The funny thing is I got a free mailing list of 100 businesses in July 2005. I mailed out 100 letters announcing to these companies how lucky they were that I had decided to enter that market and help them. I had my first call back from this mailing in February. What was uber-cool is that they gave me a reference to another customer so I had two customers in one month after several months of nothing.

Why don't you write a book Kimananda? You have great voice in your writing. Of course then you have to sell it to a publisher. Procratinate on that thought for a while.

True Blue Guy sagde ...

How could you even think you are a deadbeat when you are getting offers ? :-)

Sometimes its the calm before the storm and perhaps you should do something else creative, perhaps write a english study book ?

cheers

Neets sagde ...

:))) sorry. i know you are going thru misery. but cant help giggling at the way youve expressed your self here. It just reminded me of some old cartton that showed the character being influenced by angle and the devil in his own img. you ask questions... you express... you anwer your own questions... some serious introspection. i hope someone in denmark is listening and decides to give u the job just as you wanted it.

Helen sagde ...

I teach English in Sweden and know that feeling of trying to find a school and extra hours only too well!! Good luck with the new job - I'd be excited by taxis too!! Helen

Chloe sagde ...

great news! just think of it as more travelling opportunities. more money-more travels. and then it doesn't sound so depressing. and writing about dumb students and silly co workers is fun. i say go for it xx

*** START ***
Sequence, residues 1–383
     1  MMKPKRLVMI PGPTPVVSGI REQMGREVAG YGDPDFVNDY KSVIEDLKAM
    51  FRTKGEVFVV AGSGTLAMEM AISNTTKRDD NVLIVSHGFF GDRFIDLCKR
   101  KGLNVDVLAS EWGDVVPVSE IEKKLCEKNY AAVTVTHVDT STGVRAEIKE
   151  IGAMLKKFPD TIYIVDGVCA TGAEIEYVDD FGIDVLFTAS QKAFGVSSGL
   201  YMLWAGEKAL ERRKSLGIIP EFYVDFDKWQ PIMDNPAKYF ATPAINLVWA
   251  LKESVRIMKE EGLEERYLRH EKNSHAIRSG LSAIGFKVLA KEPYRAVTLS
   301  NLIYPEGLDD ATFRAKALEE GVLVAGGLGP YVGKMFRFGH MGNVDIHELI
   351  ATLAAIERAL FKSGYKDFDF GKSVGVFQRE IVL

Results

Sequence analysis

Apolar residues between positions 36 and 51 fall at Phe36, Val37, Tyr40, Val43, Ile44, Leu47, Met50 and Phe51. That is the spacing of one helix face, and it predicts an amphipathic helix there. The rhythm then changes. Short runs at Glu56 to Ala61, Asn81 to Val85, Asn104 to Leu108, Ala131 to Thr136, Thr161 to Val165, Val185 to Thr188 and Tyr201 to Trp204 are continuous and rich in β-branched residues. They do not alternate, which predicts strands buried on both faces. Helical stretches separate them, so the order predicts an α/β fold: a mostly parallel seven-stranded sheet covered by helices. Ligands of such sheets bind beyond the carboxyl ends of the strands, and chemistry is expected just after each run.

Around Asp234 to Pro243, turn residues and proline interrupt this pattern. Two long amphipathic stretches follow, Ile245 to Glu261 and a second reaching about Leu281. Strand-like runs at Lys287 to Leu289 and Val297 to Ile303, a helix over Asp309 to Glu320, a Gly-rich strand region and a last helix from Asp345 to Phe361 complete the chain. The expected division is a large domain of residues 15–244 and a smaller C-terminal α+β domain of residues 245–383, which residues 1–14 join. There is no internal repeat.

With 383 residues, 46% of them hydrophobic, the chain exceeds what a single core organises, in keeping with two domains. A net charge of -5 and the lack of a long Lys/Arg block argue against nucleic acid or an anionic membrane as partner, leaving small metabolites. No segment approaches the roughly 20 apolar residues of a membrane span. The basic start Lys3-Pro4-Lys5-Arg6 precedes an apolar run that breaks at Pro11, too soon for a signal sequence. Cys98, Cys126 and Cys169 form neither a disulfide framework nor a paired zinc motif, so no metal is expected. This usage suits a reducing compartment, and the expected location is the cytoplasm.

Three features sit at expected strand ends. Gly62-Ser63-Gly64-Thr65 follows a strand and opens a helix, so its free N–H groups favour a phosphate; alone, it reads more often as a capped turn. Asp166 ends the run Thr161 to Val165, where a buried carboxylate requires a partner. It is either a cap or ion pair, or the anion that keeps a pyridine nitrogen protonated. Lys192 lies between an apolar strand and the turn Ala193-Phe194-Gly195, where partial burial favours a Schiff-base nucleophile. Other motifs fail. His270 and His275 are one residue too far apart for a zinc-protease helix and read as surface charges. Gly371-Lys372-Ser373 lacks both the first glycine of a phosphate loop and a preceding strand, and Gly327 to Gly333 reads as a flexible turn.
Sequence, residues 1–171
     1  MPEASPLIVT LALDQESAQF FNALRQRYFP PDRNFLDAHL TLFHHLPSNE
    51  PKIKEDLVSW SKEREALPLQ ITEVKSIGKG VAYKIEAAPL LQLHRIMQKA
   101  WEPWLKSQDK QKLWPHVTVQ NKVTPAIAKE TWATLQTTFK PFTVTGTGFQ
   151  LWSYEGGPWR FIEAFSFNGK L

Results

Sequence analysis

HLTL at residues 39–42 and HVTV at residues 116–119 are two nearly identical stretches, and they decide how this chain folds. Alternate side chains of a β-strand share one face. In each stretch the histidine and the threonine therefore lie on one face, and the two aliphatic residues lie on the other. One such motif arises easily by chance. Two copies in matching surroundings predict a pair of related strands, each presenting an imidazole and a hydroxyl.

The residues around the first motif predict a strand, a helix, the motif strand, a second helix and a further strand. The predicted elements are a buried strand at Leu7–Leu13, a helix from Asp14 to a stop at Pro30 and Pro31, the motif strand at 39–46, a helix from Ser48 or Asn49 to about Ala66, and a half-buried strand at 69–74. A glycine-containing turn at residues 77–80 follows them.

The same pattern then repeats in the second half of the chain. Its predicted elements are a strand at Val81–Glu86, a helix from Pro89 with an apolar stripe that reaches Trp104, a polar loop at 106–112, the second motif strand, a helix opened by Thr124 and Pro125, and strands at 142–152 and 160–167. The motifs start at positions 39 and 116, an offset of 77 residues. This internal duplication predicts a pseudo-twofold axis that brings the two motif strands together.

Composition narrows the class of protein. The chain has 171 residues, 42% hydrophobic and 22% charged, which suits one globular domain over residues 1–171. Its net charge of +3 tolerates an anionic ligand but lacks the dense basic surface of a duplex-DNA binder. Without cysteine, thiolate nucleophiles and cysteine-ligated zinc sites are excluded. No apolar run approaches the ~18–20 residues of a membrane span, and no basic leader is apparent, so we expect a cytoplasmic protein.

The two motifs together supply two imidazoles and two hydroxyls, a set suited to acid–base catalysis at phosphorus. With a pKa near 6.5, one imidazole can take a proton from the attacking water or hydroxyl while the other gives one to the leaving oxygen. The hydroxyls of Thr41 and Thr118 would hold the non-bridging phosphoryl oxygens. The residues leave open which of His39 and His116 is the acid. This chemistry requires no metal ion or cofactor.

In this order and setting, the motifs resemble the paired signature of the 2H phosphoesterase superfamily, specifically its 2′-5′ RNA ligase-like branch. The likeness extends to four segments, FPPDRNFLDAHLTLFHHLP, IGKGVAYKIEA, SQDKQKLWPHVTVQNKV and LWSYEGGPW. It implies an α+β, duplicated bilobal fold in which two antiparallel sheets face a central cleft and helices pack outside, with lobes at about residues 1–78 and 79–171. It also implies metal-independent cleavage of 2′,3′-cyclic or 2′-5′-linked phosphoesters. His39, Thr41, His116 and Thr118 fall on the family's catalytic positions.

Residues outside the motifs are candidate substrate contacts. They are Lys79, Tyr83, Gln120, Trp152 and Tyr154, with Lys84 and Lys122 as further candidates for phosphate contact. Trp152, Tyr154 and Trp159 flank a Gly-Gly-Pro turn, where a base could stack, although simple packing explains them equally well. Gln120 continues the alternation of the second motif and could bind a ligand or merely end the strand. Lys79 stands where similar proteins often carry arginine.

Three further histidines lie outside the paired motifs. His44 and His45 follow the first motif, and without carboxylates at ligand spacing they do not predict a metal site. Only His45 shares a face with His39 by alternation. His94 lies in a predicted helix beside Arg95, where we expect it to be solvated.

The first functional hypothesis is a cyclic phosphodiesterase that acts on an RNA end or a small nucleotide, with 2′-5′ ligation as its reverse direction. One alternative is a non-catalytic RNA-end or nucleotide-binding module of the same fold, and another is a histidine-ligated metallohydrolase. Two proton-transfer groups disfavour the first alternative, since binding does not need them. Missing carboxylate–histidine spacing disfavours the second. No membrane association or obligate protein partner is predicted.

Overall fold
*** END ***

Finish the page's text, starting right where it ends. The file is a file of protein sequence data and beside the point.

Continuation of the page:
kimananda sagde ...

Hi, Jack, I'm not sure what you mean by people like you. For some reason I think that people like you are people who like to argue over the finer points of things. In which case, I love people like you in all my classes. People like I think people like you are fall into two categories,

1) people who really don't know what they're talking about...these people tend to start arguments with me over grammatical issues...I truly like grammar, am quite good at it, and have fun arguing about it, especially when I win. This makes class fun.

2) people who know what they're talking about. They're fun to spar with and I can learn a lot from them. They make class even more fun.

So, you are welcome to join one of my classes anytime! ;-)

Ms. Mood, thank you for not thinking I'm a boring old teacher. :-) And, I'm sure you're right about the Portugal scene...but consider that my last few years in Lisbon, I had a great steady job. Think effectivo contract, think 14 month salary, think guaranteed minimum hours, the works. Yep, those days are certainly gone!

Mr. American, thank you for your kind words. I can't imagine writing a book, but I have been procrastination over the though of trying to sell some magazine articles for ages! And I'm enjoying seeing the slow but steady building of your firm. It gives me a great model to follow!

Blue, that is another idea I've thought of, an English book. One of my ideas was a text based around baseball (marketed I suppose at the English teaching market in baseball loving places like Japan or parts of South America). I haven't though of it in a while, but it is a good idea!

Neets, thanks for visiting, and feel free to giggle all you want. My life is far from misery, though it may sound that way sometimes...if I have a choice between sounding miserable and sounding whiny and spoiled, I'll chose misery anyday! ;-)

Helen, do you work in Gothenburg? Because then I wonder if you work for the same place I do...I don't want to name names, but my school is actually based in Stockholm, and they have some big contracts in Gothenburg as well.